Your SlideShare is downloading. ×
Caste system pwpt1
Upcoming SlideShare
Loading in...5
×

Thanks for flagging this SlideShare!

Oops! An error has occurred.

×
Saving this for later? Get the SlideShare app to save on your phone or tablet. Read anywhere, anytime – even offline.
Text the download link to your phone
Standard text messaging rates apply

Caste system pwpt1

345

Published on

Published in: Entertainment & Humor
0 Comments
0 Likes
Statistics
Notes
  • Be the first to comment

  • Be the first to like this

No Downloads
Views
Total Views
345
On Slideshare
0
From Embeds
0
Number of Embeds
0
Actions
Shares
0
Downloads
15
Comments
0
Likes
0
Embeds 0
No embeds

Report content
Flagged as inappropriate Flag as inappropriate
Flag as inappropriate

Select your reason for flagging this presentation as inappropriate.

Cancel
No notes for slide

Transcript

  • 1. Brahmin Priest Caste Four Brahmins, followers of the Hindu faith, wander the compound of the City Palace
  • 2. Discrimination against India's lowest Hindu castes is technically illegal. But try telling that to the 160 million Untouchables, who face violent reprisals if they forget their place.
  • 3. UNTOUCHABLES
    • The total number of Untouchables in India is approximately sixty million, or 13.7 per cent of India’s population had to display extreme deference to high-status people, physically keeping their distance--lest their touch or even their shadow pollute others-.
  • 4. UNTOUCHABLES
    • The lowest-ranking had to jingle a little bell in warning of their polluting approach. In much of India, Dalits were prohibited from entering temples, using wells from which the "clean" castes drew their water, or even attending schools. In past centuries, dire punishments were prescribed for Dalits who read or even heard sacred texts.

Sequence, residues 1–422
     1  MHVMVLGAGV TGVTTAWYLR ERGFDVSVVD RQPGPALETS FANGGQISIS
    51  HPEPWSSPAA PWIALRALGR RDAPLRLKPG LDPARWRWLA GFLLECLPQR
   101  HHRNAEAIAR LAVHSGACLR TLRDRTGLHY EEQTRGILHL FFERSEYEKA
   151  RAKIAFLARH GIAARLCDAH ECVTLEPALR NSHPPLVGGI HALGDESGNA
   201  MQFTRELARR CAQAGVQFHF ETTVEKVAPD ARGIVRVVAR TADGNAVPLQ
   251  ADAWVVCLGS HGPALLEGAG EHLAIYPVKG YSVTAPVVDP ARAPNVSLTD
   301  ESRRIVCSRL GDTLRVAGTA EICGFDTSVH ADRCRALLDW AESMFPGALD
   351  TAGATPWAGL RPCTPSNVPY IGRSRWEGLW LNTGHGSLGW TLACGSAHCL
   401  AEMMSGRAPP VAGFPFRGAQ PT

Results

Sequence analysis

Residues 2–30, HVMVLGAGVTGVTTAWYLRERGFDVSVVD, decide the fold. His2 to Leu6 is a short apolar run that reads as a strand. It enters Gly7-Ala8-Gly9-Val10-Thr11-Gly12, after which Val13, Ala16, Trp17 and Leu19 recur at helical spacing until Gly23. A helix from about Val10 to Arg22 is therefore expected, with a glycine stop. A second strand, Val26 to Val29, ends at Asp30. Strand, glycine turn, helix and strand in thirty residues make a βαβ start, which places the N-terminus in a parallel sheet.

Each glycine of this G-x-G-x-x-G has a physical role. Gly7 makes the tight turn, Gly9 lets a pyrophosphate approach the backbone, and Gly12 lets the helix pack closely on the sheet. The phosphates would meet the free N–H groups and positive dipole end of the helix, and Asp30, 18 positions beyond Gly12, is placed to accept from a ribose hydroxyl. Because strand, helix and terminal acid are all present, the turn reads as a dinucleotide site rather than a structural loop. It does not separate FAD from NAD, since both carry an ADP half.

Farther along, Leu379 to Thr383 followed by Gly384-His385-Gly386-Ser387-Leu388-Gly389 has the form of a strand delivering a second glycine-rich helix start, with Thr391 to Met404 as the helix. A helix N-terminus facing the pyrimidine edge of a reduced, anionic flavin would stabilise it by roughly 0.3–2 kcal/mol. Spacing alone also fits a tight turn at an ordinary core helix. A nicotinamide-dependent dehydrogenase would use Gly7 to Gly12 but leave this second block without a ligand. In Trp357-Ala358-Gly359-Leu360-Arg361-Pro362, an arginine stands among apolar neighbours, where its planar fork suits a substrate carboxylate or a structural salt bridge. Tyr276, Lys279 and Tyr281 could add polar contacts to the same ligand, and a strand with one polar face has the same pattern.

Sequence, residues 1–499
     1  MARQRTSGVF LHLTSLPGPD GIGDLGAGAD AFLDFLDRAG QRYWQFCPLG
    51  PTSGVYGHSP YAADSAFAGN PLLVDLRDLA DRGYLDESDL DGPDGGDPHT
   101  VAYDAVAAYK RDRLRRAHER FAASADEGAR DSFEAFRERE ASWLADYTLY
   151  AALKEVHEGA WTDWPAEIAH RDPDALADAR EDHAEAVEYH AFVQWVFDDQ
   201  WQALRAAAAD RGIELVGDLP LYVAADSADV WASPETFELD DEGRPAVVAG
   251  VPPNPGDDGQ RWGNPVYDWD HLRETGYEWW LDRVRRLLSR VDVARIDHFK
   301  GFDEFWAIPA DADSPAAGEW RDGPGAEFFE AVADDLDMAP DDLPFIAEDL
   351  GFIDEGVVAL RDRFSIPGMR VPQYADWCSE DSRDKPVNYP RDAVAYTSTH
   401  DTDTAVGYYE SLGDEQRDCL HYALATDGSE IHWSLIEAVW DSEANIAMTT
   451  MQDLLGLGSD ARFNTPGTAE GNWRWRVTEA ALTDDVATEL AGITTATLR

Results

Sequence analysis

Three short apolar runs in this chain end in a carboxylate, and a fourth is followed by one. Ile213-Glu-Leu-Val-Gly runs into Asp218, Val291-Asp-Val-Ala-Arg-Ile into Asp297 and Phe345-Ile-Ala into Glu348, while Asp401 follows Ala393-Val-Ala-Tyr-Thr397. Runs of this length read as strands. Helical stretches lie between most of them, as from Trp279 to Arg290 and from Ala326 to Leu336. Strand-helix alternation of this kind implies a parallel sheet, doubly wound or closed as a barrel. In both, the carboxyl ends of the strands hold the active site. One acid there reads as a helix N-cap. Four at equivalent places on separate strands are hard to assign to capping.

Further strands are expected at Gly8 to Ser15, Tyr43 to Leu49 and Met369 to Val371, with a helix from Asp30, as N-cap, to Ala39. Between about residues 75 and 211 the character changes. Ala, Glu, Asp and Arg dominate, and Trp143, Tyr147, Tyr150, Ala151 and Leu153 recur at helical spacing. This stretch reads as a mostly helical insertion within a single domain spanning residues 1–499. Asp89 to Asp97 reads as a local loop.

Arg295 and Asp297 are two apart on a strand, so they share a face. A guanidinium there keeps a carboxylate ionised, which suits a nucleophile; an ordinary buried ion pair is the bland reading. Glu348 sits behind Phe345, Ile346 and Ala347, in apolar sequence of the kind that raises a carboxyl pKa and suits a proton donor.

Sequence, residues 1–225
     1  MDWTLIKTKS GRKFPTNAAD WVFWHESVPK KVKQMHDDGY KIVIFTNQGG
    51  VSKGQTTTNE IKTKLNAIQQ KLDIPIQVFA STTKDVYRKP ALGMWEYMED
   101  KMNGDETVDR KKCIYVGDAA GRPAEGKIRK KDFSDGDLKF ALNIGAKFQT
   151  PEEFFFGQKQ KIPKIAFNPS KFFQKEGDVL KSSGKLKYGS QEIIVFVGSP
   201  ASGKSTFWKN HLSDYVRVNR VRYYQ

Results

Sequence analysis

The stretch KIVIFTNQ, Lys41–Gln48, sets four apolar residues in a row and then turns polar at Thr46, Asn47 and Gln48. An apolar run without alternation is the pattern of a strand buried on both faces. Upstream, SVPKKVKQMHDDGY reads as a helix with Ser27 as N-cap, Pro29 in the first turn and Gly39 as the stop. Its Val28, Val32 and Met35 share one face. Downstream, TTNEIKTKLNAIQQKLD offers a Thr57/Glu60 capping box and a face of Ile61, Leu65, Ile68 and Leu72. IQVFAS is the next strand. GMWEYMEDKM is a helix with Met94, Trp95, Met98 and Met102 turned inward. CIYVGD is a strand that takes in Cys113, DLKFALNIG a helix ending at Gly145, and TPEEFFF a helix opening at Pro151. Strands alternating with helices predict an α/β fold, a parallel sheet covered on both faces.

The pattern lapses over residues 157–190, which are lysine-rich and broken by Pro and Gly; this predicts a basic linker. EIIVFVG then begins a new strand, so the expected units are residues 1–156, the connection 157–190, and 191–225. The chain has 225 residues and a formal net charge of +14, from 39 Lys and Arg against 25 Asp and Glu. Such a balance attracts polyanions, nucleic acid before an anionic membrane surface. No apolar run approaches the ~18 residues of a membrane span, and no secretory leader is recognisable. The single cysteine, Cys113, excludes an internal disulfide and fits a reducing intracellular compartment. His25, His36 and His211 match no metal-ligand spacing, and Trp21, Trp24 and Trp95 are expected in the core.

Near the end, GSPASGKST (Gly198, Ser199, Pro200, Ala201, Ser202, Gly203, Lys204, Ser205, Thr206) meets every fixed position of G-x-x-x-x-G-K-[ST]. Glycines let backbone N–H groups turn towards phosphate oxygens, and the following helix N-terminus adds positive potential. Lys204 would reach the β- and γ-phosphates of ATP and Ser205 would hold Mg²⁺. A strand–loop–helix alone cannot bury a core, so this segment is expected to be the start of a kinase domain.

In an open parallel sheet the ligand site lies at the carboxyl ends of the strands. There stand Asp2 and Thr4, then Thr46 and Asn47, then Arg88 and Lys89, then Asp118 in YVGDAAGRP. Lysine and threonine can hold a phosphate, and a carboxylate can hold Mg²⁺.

• 5. CRUSHING WORK
    • Hour after hour Untouchables break rocks to repair a rail bed in Rajasthan. They will earn one or two dollars a day. Because of their huge numbers—Untouchables now number 160 million, or 15 percent of India's people—many have had to leave their villages to seek work beyond their traditional caste occupations. Yet most Untouchable migrants merely exchange one kind of backbreaking labor for another, working in fields, construction sites, brick kilns, and stone quarries.
  • 6. Water Rights Colorful jugs line a neighborhood well where an Untouchable family takes its turn at the daily ritual of gathering water. Across India members of upper castes often refuse to share water with Untouchables, convinced that any liquid will become polluted if it comes in contact with an Untouchable. In the countryside Untouchables are often forbidden to use the same wells and ponds as upper caste villagers. Municipal governments have begun to install separate water pumps. But in most rural tea shops, Untouchables still are not permitted to drink from glasses served to upper caste customers
  • 7.
    • Members of the Untouchable Dhobi caste beat the impurities out of clothes on the banks of the Yamuna River in Delhi. Life's "unclean" tasks, such as cleaning latrines and digging graves fall to those born into one of the hundreds of Untouchable castes. They face a lifetime of discrimination and brutality—prejudice that endures even though Untouchability is officially banned by the Indian constitution
  • 8.
    • Taj Mahal , is one of the most beautiful and costly tombs in the world. The Indian ruler Shah Jahan ordered it built in memory of his favorite wife, Mumtaz Mahal, who died in 1629. The tomb stands at Agra in northern India. About 20,000 workers built it between about 1630 and 1650.
    • . Passages from the Muslim holy book, the Qur'an, decorate the outside along with inlaid floral patterns. Visitors can see the monuments through a carved alabaster screen. The bodies of Shah Jahan and his wife lie in a vault below. The tomb stands in a garden.
  • 9.  
  • 10.  

×